Mexican-American medical student Brenda Perez, 24, was the first in her family to go to college and struggled through the stresses of her pre-med studies. When she started as an international medical student at the Universidad Autónoma de Guadalajara, she had no idea how challenging her path to residency would be.
“International medical graduates have little chance of being matched to their first choice of U.S. residency,” said Jayline Perez, Brenda’s younger sister.
“[Brenda] deserves more,” Jayline said of her sister. “She has fueled me through everything. It’s not her fault that she didn’t have an older sister or someone else to guide her [in her higher-education decision.”]
The Power of REACH
“I have this inner voice telling me, ‘You need to represent Brown and Black people, to be a doctor for other people who need access to healthcare.’”
-Rush Education Academic Career Hub (REACH) participant Jayline Perez, who is thrilled the program is giving her learning experiences to help prepare her for a career in healthcare.
In just the last 12 months, REACH has:
• Served 3,000 students from pre-K through college
• Provided interns with 25,860 paid, work-based learning hours
• Achieved 100% postsecondary enrollment (2- to 4-year college or military) with 92% pursuing STEM or Health Sciences majors REACH is an initiative of the Rush BMO Institute for Health Equity.
So Jayline Perez, 20, a senior majoring in biology at Roosevelt University who aims to be a surgeon, did something about it.
Jayline and Brenda are helping launch a mentorship program at Rush University Medical Center. The program — RU Ready MedSchool Boot Camp — is slated to launch in August and will prepare students for medical school through the five pillars of pre-med readiness: Volunteerism, leadership, research, clinical experience and community service. Jayline, who has been involved in the Rush Education and Career Hub (REACH) programs since 2017 and has participated in the MedSTEM Pathways and College Career Pathways programs, initiated the idea with Rukiya Curvey Johnson, MBA, who leads the REACH program.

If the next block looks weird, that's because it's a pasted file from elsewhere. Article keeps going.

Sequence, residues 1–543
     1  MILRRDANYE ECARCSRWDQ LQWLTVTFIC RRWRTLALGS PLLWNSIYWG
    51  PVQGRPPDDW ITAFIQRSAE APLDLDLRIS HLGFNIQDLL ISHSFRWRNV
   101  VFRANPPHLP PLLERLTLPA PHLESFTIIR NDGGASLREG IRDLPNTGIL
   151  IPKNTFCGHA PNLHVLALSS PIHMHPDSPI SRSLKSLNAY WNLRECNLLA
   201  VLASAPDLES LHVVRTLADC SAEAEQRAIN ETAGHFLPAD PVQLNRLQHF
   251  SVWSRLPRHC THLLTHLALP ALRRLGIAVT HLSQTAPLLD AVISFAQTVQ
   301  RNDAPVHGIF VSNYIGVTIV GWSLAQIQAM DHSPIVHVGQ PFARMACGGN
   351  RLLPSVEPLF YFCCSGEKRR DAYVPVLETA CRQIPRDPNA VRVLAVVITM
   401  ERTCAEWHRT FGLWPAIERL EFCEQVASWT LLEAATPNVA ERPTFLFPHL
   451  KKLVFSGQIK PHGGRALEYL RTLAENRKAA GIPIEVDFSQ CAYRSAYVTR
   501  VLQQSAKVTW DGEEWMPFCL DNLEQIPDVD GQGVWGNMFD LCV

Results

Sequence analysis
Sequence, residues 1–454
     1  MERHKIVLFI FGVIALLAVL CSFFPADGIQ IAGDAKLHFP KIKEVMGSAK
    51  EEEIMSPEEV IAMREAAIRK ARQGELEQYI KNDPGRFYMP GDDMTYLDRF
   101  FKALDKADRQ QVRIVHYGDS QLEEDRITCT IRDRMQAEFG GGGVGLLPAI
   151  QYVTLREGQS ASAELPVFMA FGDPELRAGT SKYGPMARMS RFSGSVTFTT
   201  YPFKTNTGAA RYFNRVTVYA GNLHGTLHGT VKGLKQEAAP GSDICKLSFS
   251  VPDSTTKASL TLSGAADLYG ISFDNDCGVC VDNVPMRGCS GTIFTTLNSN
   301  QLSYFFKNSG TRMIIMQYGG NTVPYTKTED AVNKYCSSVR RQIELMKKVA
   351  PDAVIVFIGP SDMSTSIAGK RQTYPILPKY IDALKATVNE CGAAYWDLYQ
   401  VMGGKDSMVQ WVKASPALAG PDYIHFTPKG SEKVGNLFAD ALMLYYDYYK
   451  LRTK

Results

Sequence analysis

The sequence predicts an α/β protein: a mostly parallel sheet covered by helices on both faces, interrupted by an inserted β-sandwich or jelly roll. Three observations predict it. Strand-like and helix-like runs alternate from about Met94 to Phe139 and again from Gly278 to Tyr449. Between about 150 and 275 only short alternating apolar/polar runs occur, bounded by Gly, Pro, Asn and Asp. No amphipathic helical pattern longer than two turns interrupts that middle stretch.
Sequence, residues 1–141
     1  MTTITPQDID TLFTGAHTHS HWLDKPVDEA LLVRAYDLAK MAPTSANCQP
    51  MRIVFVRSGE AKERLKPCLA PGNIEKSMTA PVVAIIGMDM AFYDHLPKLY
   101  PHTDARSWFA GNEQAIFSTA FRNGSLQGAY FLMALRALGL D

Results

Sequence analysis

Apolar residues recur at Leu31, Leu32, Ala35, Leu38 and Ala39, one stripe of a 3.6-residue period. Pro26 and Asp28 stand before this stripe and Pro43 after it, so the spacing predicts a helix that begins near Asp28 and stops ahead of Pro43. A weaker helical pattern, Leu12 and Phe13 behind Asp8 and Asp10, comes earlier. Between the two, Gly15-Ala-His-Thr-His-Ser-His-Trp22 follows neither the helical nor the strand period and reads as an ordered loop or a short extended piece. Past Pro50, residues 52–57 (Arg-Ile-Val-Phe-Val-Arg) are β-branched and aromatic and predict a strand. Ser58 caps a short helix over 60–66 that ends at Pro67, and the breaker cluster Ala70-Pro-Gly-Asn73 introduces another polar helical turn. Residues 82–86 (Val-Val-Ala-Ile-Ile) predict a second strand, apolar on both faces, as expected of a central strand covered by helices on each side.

“Mentorship to Brown and Black students, first-generation students and students from all walks of life is so important,” Jayline said, “because they deserve to live their dream and have someone to rely on in their pre-med journey.”
“When I looked for a mentor, I wanted someone who truly took action about inclusiveness and diversity,” she added.
She reached out to 40 doctors and connected with surgical oncologist Dr. Rosalinda Alvardo. “Being able to job-shadow a surgical oncologist was special because it truly reminded me of my deceased abuelo, Lupe, who died from cancer and who raised my sisters and me while my parents worked at a factory all day,” she added.
Now, Jayline’s goal is to serve her community — Latinx and African-American people — and encourage others to do the same.